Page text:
Friends of Music Piano Series impressive in Wadsworth

Sunday afternoon was a fine day to take part in the spectacle of sound, and Wadsworth Auditorium provided the outlet. The Friends of Music Piano Series and Geneseo's music department provided a classical piano concert for a small but cordial gathering of music lovers.

Performed by three of Ithaca College's associate professors of piano, the concert, playfully titled, "Three Are Better Than One," was carried out with the same professionalism one would see at an opera house or music hall. From the moment the concert began - decisively on schedule - the stage wafted enduring melodies, sometimes cryptic, sometimes obtuse.

The first piece performed, "Gazebo Dances," by composer John Corigliano, teetered on disjointed mischief that, on occasion, sounded as if glass was grinding in a garbage disposal, only with poise and premeditated construction. Led by the hands of professors Jairo Geronymo and Deborah Martin, this specific selection was enjoyable, but only when in between the madness of conflicting piano tones. Still, each "dance" was spring-loaded and autumn-enriched, sometimes on the rise and at other times oversaturated in itself.

Each performance started a new style of classical equanimity, mixing the four hands between Geronymo, Martin, and colleague Diane Birr. When Geronymo was on stage, he led the selections with a stoic veneer, but both his hands and body signified some poetic unity with each stricken key. Professor Birr, former president of the New York State Music Teachers Association, followed the music with continuous captivation, fervently transferring the music from brain to hand to piano and then out into the air.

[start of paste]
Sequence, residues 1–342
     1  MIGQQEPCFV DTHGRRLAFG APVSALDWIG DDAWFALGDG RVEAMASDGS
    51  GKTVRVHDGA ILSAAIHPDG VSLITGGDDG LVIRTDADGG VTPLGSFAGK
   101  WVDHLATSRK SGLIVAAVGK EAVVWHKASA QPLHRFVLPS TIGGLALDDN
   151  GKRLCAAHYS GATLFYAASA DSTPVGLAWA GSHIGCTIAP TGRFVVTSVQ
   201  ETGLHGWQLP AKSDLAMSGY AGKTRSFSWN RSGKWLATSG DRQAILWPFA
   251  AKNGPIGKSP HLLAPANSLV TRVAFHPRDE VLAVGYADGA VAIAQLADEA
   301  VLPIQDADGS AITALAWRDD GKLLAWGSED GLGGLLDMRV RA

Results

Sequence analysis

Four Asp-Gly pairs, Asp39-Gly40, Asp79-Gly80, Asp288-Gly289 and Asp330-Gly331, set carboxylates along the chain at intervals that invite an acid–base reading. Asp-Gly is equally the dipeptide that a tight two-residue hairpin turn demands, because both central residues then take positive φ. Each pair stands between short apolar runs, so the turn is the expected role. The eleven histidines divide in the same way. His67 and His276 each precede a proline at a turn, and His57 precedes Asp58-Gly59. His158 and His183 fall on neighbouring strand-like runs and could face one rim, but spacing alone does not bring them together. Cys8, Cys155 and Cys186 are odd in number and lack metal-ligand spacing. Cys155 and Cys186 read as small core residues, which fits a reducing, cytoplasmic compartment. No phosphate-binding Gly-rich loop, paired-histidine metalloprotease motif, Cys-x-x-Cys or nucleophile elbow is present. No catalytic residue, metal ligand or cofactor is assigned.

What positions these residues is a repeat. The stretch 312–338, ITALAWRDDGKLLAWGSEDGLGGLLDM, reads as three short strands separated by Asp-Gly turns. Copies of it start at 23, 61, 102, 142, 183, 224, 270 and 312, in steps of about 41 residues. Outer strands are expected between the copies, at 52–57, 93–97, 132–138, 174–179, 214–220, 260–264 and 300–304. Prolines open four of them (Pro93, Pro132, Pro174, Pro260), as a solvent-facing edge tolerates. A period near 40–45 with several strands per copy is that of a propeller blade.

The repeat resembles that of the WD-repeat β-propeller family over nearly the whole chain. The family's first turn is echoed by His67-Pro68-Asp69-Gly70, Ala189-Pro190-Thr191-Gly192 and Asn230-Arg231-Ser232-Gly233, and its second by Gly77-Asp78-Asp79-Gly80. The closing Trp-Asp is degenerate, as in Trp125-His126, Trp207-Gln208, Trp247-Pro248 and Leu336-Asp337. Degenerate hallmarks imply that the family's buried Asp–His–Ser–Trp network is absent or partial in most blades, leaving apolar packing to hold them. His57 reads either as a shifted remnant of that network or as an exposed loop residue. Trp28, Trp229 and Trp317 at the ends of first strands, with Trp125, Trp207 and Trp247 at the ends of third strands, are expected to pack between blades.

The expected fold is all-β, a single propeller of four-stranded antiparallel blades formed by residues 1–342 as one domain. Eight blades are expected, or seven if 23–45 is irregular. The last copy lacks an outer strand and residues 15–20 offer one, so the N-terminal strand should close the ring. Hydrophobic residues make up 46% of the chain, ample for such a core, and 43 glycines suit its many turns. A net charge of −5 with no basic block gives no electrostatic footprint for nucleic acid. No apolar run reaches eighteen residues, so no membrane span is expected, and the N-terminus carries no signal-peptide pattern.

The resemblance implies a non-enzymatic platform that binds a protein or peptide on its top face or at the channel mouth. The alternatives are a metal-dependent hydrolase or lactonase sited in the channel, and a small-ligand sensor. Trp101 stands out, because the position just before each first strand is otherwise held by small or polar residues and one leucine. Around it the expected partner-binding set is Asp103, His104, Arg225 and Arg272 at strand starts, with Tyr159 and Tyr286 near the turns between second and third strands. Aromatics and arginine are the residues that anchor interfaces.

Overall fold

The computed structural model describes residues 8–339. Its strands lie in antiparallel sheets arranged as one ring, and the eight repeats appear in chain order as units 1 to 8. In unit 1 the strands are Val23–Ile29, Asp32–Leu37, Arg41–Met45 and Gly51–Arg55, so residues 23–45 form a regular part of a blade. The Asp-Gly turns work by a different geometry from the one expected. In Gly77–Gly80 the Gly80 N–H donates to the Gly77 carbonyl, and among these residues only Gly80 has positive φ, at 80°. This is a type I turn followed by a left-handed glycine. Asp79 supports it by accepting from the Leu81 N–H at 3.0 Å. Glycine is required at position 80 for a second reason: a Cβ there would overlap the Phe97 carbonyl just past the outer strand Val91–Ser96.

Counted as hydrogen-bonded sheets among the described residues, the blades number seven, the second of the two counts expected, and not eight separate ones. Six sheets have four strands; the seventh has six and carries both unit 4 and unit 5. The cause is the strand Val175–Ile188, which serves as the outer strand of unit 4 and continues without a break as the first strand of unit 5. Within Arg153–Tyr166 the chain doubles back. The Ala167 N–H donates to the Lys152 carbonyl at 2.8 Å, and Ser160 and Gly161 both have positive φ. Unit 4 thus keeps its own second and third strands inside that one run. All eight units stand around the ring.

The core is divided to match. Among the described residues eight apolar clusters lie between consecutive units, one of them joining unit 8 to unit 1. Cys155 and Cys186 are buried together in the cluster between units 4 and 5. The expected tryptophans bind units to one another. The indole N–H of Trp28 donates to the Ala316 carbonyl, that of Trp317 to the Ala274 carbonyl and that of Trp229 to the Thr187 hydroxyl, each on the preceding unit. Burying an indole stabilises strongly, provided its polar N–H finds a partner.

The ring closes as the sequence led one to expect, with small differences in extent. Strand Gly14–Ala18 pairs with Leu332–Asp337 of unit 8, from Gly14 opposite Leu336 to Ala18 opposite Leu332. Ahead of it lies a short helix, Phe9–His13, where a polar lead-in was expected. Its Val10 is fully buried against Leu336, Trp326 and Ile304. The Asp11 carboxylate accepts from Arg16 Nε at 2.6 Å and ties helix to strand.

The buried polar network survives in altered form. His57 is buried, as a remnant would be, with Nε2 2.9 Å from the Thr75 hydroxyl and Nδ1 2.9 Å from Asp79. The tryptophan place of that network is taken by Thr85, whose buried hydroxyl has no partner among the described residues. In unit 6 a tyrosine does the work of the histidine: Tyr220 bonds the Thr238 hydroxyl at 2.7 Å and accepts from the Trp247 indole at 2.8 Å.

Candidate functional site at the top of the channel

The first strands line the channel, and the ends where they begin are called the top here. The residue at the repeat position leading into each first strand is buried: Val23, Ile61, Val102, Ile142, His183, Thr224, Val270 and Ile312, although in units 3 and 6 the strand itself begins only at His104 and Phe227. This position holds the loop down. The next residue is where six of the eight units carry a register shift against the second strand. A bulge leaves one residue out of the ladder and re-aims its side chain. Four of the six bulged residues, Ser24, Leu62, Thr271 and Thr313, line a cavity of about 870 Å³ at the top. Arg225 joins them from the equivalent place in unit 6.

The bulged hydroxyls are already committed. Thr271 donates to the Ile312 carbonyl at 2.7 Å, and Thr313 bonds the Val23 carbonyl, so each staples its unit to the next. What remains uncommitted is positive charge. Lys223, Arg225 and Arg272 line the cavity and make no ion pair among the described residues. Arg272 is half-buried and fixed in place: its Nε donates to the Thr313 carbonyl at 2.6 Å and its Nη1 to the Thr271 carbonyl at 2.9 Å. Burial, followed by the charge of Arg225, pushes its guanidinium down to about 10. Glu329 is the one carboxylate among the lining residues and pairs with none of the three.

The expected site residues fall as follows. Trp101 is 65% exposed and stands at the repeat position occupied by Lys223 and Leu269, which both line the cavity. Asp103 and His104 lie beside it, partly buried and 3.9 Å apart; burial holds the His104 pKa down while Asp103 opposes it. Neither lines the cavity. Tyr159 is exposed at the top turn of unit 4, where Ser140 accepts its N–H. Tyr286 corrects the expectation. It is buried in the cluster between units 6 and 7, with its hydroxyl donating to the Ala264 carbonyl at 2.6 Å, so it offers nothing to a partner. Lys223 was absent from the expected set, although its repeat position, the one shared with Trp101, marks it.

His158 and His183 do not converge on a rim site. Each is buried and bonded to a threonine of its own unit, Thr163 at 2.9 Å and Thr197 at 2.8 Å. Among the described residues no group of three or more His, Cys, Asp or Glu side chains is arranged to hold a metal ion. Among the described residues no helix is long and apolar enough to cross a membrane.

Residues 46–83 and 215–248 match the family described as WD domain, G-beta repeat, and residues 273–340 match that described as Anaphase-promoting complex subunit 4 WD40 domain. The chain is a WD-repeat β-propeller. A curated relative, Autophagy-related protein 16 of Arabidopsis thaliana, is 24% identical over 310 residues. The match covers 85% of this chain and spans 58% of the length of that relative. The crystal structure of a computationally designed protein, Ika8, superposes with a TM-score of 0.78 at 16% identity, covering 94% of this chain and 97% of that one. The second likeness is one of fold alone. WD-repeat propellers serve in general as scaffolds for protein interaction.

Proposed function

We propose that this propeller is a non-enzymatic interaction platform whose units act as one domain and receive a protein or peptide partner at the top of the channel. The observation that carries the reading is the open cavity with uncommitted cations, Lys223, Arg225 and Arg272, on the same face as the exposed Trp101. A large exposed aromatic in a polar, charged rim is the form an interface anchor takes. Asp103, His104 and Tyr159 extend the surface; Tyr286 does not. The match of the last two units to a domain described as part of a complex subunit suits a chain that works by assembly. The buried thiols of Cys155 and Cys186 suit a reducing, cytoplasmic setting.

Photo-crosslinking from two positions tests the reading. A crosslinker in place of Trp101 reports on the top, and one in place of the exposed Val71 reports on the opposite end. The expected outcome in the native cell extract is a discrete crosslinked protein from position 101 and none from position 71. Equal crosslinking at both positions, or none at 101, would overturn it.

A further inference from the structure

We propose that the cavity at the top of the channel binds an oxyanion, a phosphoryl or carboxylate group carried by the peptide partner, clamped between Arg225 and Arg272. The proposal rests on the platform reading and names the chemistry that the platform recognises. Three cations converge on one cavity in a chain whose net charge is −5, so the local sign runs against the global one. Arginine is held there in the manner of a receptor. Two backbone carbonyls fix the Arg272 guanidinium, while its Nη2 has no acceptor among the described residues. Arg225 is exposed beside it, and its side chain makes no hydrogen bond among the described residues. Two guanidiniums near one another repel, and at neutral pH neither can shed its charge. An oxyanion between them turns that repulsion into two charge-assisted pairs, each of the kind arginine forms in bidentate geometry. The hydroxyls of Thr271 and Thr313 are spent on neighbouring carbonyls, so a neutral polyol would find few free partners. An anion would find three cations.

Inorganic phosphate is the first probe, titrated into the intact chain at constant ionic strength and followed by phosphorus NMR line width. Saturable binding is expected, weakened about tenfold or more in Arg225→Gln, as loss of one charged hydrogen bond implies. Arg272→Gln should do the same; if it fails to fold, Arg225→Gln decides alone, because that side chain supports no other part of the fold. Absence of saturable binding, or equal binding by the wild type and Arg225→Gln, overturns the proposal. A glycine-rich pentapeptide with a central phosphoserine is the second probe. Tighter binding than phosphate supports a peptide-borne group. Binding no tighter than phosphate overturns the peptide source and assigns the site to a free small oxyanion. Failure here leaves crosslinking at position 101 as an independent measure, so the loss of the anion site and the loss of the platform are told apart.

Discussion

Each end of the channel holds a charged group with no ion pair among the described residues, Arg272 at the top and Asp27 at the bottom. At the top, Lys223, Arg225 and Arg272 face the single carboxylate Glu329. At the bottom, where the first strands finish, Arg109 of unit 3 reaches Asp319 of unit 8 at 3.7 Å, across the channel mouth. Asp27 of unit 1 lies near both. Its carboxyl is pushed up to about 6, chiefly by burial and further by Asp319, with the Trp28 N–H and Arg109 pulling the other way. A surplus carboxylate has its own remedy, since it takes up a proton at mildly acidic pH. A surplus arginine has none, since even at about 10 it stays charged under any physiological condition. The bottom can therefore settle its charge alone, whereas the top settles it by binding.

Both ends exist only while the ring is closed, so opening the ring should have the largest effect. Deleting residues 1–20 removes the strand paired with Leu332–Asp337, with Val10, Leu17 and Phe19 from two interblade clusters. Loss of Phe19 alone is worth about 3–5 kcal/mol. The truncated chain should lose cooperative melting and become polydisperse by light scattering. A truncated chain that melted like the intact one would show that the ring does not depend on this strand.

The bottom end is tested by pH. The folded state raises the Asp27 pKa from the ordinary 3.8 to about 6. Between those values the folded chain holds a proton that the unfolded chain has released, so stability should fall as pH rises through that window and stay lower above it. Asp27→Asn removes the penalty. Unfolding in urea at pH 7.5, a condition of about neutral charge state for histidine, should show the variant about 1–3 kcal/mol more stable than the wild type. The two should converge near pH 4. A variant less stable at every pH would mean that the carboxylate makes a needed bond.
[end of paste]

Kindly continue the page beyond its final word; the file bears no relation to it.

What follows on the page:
All three pianists shined particularly in the last piece, which recommitted the title of the performance as three transcended to one sound.

The concert as a whole, however impressive and promising, could not withstand the fact that all of the pieces performed were not entirely contemporary, but rather a series of relics that resembled piano from the silent picture era of America. There was a lack of a profound swell of emotion, and half of the sounds were disagreeable or unsavory, but the respect was present and the intentions admirable.

Each of the three performers are commended for their ability and virtuous tribute to the spirit of classical music.